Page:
I've got to perform a peptide coupling reaction between an acid and a primary alcohol. I have used for this reaction several carbodiimides with success; EDC works OK, DIPC a little better, but DCC works the best. My procedure is standard - dissolve the acid in DCM, add DCC, and then 10 mol % acyl transfer catalyst (usually DMAP). I wait about 5 minutes and then add the amine. The only problem is, upon addition of the amine two huge clumps will form in the reaction. I'm sure that some of it is urea byproduct (DCU), but it's clear that a good chunk of it is just unreacted material. I've found that the only way to re-dissolve these big clumps of material is by addition of methanol. This dissolves everything, including the urea (DCU). I have tried other solvents and had the same problem. The only exception here is DMF, which can dissolve everything, but then I lose my product to the aqueous layer during the workup after the reaction.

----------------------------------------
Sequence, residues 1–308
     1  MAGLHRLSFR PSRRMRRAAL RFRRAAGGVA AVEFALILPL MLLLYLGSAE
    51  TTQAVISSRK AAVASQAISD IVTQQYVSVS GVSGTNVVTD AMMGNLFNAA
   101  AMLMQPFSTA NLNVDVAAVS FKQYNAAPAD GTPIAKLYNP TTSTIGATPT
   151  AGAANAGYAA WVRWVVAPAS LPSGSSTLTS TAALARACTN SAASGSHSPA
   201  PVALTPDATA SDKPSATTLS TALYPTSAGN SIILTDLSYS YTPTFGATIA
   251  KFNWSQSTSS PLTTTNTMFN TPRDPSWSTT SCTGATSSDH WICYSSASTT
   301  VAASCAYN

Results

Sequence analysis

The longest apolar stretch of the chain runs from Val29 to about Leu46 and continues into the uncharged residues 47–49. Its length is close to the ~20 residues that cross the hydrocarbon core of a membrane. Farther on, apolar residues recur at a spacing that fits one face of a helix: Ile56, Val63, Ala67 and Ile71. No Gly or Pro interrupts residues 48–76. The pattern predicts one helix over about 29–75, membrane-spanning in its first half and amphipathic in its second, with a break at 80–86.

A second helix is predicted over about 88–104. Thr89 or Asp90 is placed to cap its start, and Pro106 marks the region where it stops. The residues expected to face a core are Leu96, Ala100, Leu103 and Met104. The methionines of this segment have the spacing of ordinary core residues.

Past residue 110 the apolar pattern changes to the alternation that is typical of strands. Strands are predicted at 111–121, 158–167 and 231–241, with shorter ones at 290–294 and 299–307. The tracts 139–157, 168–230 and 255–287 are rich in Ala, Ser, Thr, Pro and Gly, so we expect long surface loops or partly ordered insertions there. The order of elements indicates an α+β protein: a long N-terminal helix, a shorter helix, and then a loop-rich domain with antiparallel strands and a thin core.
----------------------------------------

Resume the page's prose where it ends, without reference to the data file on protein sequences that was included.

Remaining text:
This would be all be great, but my only concern is that the methanol added will act as a nucleophile and attack the activated acid, resulting in a methyl ester rather than the desired amine. Granted, mass spec of the crude doesn't reveal formation of any such methyl ester. Further, even if the methyl ester were to form, theoretically it should then be displaced by the amine starting material to deliver the desired amide product.
My real question here is - can methanol react with the activated acid during carbodiimide coupling reactions to form methyl ester? I'm inclined to believe, from my experience with this reaction, that it is a non-issue. But I would like to know for sure. Also, if anyone has had any similar experiences and could offer insight/advice, it would be much appreciated. Thanks!